I haven't taken part in one yet, but one of my friends received a request from PitMad last week.

L. Diane Wolfe said...

Elizabeth, after watching #pitmad last week, I'd say it's free-for-all enough without those rules.

Holly, and I saw one of your pitches recently.

Bish, and a lot of writers can't do it.

Susan, that's good, especially considering how many participated.

Ann Bennett said...

The twitter pitch fest sounds like a fun. It would be disappointing to be chosen by no one. But it would also be a non threatening start for someone new. For those with hearts it would eliminate querying those not interested.

Juneta Key said...

Very interesting event.
' Juneta @ Writer's Gambit

Tyrean Martinson said...

Diane,
I always appreciate your detailed tips! Thank you. I've never taken part in a Twitter pitch event, but I hope to do so this year.

Chrys Fey said...

This well help members a lot. Great work!

Sandra Cox said...

This is going to be such a great event.
And the guidelines set up are very helpful, very clear and well stated.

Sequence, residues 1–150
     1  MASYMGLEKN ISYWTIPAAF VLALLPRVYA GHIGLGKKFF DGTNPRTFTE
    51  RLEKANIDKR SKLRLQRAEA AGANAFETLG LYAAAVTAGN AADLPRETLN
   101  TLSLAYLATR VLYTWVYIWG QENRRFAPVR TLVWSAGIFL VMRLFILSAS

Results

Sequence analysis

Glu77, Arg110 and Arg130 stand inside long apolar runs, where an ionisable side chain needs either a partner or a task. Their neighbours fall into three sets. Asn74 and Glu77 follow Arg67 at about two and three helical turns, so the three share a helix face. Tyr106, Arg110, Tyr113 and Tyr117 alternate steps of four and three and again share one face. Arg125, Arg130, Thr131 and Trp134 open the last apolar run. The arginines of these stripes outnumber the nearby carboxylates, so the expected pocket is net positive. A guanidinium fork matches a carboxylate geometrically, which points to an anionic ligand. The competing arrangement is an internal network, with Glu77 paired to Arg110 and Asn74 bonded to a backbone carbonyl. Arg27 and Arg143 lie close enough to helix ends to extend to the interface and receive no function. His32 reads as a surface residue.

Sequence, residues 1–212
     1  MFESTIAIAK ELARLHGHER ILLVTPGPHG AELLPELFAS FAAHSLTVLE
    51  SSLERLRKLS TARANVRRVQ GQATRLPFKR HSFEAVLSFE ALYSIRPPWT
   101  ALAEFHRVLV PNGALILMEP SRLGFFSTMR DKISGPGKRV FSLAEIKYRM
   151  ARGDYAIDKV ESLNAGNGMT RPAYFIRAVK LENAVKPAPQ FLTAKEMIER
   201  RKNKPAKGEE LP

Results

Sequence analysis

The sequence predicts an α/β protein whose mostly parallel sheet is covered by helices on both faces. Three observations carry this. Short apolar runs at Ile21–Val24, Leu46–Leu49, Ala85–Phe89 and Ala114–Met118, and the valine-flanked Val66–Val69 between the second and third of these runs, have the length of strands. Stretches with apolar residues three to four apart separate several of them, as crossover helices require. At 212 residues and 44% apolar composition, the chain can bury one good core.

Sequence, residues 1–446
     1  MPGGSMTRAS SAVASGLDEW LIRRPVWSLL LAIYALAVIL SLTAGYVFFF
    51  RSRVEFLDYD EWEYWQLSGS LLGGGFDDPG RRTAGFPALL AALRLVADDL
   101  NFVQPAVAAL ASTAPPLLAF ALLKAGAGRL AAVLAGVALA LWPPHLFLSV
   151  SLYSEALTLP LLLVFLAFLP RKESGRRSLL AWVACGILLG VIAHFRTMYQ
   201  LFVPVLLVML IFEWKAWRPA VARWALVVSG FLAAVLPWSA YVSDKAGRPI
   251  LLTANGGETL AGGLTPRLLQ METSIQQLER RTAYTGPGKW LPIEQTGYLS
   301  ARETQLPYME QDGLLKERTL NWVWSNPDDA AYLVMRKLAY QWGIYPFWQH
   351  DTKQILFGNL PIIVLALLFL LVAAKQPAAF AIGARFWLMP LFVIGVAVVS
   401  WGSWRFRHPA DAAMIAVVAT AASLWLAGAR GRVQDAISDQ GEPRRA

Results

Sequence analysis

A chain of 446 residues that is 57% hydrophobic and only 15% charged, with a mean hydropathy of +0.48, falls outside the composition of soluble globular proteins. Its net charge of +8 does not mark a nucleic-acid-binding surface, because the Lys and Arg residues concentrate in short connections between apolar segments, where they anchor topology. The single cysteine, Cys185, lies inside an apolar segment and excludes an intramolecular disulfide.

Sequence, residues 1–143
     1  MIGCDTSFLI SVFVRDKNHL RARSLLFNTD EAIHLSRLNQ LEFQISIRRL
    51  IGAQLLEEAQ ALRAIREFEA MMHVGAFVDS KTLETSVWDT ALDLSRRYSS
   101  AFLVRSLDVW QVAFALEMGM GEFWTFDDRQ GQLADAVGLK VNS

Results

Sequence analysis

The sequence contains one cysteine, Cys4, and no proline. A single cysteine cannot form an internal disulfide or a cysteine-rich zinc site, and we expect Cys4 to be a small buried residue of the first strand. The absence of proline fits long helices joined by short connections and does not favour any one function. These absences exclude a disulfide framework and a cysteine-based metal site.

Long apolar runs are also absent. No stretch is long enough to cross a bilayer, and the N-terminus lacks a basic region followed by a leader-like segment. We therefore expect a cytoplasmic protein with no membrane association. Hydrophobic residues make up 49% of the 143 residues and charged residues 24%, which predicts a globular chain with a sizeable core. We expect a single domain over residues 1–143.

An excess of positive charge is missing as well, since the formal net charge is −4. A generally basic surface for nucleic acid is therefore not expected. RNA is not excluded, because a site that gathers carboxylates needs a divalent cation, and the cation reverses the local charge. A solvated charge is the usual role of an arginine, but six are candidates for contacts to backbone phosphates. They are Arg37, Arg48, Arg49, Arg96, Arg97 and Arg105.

J E Oneil said...

I definitely need to work on my pitch skills because I totally stink. Hopefully sometime I'll have a book to actually use them for :P

Spacer Guy said...

I created a list once America is Great..... your pointers will lead the way...

Jemi Fraser said...

I don't think I've done a Twitter pitch contest yet. If my story is ready, I'll give it a go this time!

Dean K Miller said...

I dropped twitter about a month ago. Too many things I wasn't doing right/well, and that was on of them. This sounds like an interesting event. I do have an account set up for my next project, but don't know if we'l be ready by then....but cool idea!

Carolyn Howard-Johnson said...

This is a wonderful writers' aid! I shall tweet it to my 30,000 – – yes! Now 30,000 – – Twitter followers I am pleased to give them this information.

Rawknrobyn.blogspot.com said...

This looks like a good opportunity. Thanks, Diane. Will keep it in mind for the future. I'm not quite ready.

Hilary Melton-Butcher said...

Hi Diane - it's great you've set things straight for us ... and everyone's comments imply it's a useful tool to participate in ... and certainly your guidelines help us ...

The IWSG event seems to be garnering a range of participants -wonderful idea ... cheers Hilary

Erika Beebe said...